Across the education landscape of Bartow County, 2017 was a year filled with retirements and resignations of key personnel, new buildings going up and legal situations unfolding.
Two of the biggest headlines came in the last quarter of the year, when both school superintendents announced exactly two weeks apart that they would retire at the end of the current school year.
Bartow County Superintendent Dr. John Harper went public with his intentions at the Sept. 25 school board meeting after submitting a letter to board members in May indicating his plans to retire at the end of the 2017-18 school year.
“This will complete my 49th year in education,” said Harper, who came to the 13,000-student system more than 10 years ago as the associate superintendent. “Ten years in one place as a superintendent is an awfully long time so let’s bring some fresh ideas in and continue what we’ve done here to improve instruction for our children.”
On Oct. 9, a mere 14 days later, his Cartersville counterpart, Dr. Howard Hinesley, made the same announcement during his system’s monthly school board meeting.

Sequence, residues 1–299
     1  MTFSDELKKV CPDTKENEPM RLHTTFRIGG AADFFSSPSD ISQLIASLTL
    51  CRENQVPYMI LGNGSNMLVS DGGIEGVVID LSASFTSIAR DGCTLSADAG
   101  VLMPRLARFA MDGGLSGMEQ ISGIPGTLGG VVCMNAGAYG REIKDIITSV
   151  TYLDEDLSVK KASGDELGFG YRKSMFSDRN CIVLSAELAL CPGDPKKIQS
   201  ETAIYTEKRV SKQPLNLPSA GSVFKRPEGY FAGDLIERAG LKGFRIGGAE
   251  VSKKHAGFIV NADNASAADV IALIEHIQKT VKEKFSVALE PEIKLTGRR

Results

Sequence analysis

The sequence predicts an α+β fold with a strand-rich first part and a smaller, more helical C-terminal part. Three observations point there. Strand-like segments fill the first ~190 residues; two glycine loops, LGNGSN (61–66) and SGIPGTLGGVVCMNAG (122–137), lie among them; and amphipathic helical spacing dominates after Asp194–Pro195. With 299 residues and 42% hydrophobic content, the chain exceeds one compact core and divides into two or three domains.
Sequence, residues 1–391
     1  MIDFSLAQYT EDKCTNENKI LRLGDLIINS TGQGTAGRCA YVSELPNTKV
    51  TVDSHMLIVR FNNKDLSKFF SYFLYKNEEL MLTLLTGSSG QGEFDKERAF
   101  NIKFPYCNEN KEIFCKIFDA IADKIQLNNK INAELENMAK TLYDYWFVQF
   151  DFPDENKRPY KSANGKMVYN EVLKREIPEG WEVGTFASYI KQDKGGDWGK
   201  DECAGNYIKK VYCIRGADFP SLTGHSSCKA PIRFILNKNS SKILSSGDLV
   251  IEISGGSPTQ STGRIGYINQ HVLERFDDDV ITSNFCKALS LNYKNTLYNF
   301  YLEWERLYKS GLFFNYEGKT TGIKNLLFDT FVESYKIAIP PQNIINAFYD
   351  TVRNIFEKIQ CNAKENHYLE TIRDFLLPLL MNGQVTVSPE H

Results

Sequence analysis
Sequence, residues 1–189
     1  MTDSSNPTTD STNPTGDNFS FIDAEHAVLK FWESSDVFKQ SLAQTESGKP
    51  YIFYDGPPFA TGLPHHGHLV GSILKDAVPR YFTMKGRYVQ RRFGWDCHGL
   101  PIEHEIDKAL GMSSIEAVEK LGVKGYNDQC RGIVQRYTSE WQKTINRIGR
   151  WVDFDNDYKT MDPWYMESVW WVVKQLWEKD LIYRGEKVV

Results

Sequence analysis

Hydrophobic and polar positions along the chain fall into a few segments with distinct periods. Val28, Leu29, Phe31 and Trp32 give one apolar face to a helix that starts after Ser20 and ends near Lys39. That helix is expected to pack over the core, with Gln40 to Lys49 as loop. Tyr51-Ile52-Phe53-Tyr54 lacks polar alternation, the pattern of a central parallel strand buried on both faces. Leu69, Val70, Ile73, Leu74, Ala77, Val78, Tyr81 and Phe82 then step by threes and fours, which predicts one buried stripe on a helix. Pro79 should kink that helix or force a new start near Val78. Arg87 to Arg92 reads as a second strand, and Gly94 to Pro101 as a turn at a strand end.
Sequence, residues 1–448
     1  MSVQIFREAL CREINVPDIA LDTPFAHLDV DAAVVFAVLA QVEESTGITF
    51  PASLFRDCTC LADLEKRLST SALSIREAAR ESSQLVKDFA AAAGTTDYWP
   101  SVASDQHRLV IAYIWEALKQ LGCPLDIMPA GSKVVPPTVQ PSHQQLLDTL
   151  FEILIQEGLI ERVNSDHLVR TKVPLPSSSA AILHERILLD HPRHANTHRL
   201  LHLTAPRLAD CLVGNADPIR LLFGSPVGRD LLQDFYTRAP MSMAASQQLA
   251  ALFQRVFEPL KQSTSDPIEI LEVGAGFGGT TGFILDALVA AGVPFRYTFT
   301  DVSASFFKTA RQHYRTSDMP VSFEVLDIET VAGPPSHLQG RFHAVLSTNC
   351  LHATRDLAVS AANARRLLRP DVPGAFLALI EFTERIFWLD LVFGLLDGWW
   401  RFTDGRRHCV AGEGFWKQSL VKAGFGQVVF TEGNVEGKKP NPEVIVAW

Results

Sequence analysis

Hinesley, 70, said he notified the school board last fall of his intentions to step down as head of the 4,000-student system at the end of his current contract, and he turned down a subsequent offer of another three-year contract.
“I will be forever grateful for the confidence you had in me when you hired me in March of 2005,” he told board members. “I know you were concerned that I might not be a good fit because I came from such a large system [Pinellas County, Florida], but I hope that I laid those fears to rest. I sincerely appreciate the support I have received during my 12-plus years here as your superintendent.”